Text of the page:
Cyclopia (named after the Greek mythology character cyclopes) is the most extreme form of holoprosencephaly and is a congenital disorder (birth defect) characterized by the failure of the embryonic prosencephalon to properly divide the orbits of the eye into two cavities. Its incidence is 1 in 16,000 in born animals and 1 in 200 in miscarried fetuses.

Signs and symptoms

Typically, the nose is either missing or not functional. This deformity (called proboscis) usually forms above the center eye or on the back, and is characteristic of a form of cyclopia called rhinencephaly or rhinocephaly. Most such embryos are either naturally aborted or are stillborn upon delivery.

Although cyclopia is rare, several cyclopic human babies are preserved in medical museums (e.g. The Vrolik Museum, Amsterdam, Trivandrum Medical College).

Some extreme cases of cyclopia have been documented in farm animals (horses, sheep, pigs, and sometimes chickens). In such cases, the nose and mouth fail to form, or the nose grows from the roof of the mouth, obstructing airflow and resulting in suffocation shortly after birth.


Genetic defects or toxins can misdirect the embryonic forebrain-dividing process. One highly teratogenic alkaloid toxin that can cause cyclopia is cyclopamine or 2-deoxyjervine, found in the plant Veratrum californicum (also known as corn lily or false hellebore). Grazing animals are most likely to ingest this plant and induce cyclopia in offspring. People sometimes accidentally ingest false hellebore while pregnant, thinking it is hellebore, an unrelated plant which does not even resemble false hellebore, being recommended as a "natural" treatment for vomiting, cramps, and poor circulation, three conditions which may be present in the early stages of pregnancy. Cyclopia occurs when certain proteins are inappropriately expressed, causing the brain to stay whole, rather than developing two distinct hemispheres. This leads to the fetus having one optic lobe and one olfactory lobe, resulting in the eye and nose malformations of cyclopia.

The Sonic Hedgehog (SHH) gene regulator is involved in the separation of the single eye field into two bilateral fields. Although not proven, it is thought that SHH emitted from the prechordal plate suppresses Pax6, which causes the eye field to divide into two. If the SHH gene is mutated, the result is cyclopia, a single eye in the center of the face (Gilbert, 2000).

Notable cases

  • A British description from 1665 of a colt apparently suffering from cyclopia reads:

    First, That it had no sign of any Nose in the usual place, nor had it any, in any other place of the Head, unless the double Bagg CC that grew out of the midst of the forehead, were some rudiment of it. Next, That the two Eyes were united into one Double Eye which was placed just in the middle of the Brow.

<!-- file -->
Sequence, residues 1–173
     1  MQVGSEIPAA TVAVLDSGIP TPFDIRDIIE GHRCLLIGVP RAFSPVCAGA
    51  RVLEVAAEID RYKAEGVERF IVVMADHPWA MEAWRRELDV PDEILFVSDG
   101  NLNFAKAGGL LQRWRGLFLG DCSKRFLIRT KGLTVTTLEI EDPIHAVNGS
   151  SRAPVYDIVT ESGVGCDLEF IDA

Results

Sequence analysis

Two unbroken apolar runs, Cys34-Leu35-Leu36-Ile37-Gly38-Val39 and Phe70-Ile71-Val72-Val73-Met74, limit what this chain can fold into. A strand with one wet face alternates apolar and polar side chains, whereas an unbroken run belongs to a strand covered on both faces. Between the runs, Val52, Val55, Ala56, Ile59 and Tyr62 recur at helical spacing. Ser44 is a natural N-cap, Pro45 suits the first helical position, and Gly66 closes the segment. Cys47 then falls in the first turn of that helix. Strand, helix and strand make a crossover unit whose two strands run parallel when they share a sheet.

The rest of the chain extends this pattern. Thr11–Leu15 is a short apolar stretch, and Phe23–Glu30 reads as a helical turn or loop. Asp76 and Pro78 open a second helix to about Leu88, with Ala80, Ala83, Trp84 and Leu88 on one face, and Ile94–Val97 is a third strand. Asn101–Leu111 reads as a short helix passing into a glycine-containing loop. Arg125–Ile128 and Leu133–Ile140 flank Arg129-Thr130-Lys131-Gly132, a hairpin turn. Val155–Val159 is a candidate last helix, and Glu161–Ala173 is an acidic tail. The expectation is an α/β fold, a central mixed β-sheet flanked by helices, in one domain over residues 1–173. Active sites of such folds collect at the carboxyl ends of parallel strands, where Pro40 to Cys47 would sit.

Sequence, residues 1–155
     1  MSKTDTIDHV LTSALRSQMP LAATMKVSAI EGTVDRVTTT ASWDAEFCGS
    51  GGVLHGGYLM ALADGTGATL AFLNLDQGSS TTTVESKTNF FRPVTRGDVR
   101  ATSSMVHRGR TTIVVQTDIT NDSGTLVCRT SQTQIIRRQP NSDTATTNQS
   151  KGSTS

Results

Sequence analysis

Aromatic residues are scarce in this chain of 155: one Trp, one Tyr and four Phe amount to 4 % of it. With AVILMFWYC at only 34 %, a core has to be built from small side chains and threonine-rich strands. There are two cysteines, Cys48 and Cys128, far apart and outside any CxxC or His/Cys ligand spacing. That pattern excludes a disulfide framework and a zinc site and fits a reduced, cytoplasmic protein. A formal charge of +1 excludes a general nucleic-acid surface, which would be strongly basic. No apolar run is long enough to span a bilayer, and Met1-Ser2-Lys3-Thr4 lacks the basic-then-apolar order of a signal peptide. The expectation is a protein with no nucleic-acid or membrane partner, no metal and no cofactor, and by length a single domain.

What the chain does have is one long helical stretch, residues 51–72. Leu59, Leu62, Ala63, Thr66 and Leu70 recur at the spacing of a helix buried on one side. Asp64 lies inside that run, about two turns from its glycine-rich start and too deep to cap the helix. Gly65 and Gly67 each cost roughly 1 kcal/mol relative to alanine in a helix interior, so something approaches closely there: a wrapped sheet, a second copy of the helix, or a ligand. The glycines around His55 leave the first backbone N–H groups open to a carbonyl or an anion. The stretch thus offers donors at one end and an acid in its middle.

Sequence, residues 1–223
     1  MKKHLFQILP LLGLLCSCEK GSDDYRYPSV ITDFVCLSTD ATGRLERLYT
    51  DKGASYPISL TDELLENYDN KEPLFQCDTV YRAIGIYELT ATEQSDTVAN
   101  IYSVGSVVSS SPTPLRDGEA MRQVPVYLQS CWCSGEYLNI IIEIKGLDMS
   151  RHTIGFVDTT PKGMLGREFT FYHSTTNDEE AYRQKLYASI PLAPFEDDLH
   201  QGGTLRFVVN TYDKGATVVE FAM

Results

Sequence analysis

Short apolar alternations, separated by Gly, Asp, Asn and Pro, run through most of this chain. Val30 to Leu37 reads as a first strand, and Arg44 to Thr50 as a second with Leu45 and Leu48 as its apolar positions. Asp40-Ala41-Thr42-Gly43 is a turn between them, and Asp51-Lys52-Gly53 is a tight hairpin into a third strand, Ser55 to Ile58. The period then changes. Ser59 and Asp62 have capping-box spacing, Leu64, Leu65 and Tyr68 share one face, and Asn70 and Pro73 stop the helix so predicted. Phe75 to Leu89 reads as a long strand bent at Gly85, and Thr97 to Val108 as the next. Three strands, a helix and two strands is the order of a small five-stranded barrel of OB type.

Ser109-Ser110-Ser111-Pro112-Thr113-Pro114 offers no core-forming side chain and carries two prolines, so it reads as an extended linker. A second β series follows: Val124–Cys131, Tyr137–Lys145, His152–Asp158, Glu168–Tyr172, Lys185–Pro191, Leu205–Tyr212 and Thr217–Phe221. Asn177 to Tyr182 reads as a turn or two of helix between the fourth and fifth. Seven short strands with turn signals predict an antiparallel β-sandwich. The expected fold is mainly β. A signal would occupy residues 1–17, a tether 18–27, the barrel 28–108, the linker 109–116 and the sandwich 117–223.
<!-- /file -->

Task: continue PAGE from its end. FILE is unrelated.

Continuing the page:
• On 1 March 1793, a 46-year-old woman in Boalts Torp, Glimåkra, Sweden gave birth to a child with cyclopia that died after two hours. The child was 35 cm long, its face without nose and nostrils, and its lidless eye with no eyebrow sat raised on the middle of its forehead like a large blueberry. The wrists were somewhat crooked as well as the right foot which was completely crooked and bent inwards. It was not clear whether it was a boy or a girl, but it was believed to be the former.
    A Swedish description from 1793 of a newborn with cyclopia
  • On December 28, 2005, a kitten with cyclopia, "Cy", was born in Redmond, Oregon, United States and died about one day after birth.
  • In 2006, a baby girl in India with cyclopia was born. Her only eye was in the center of her forehead. She did not have a nose and her brain did not separate into two separate hemispheres (holoprosencephaly). The child died one day after her birth.
  • In 2011 a cyclops shark fetus was discovered in the body of a caught shark in Mexico, with no discernible nose and one giant eye. The unborn fetus was turned over for medical studies.
  • On October 10, 2012, a small kitten was born. Its eye was in the center of the forehead and there was no developed nose to be found. The small cat died shortly after it was born. It was nicknamed Cleyed the Cyclops.
  • On May 10, 2017, in Assam, India, a black goat was born with one eye and other cyclopia-related facial abnormalities. It was reported to still be alive over a week later, which is unusual for this condition.
  • On September 13, 2018, in Mandailing Natal, North Sumatera, Indonesia, a baby with cyclopia was born without a nose and one eye with the weight of 2.4 kg (5.3 lb) and heart rate under 100 bpm. The child died seven hours after birth.
    Human infant suffering from cyclopia and otocephaly.
  • A specimen of cyclopia.

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    Illustrations of cyclopia, 1893.

See also

  • Hedgehog pathway
  • Cyclopes
  • Anophthalmia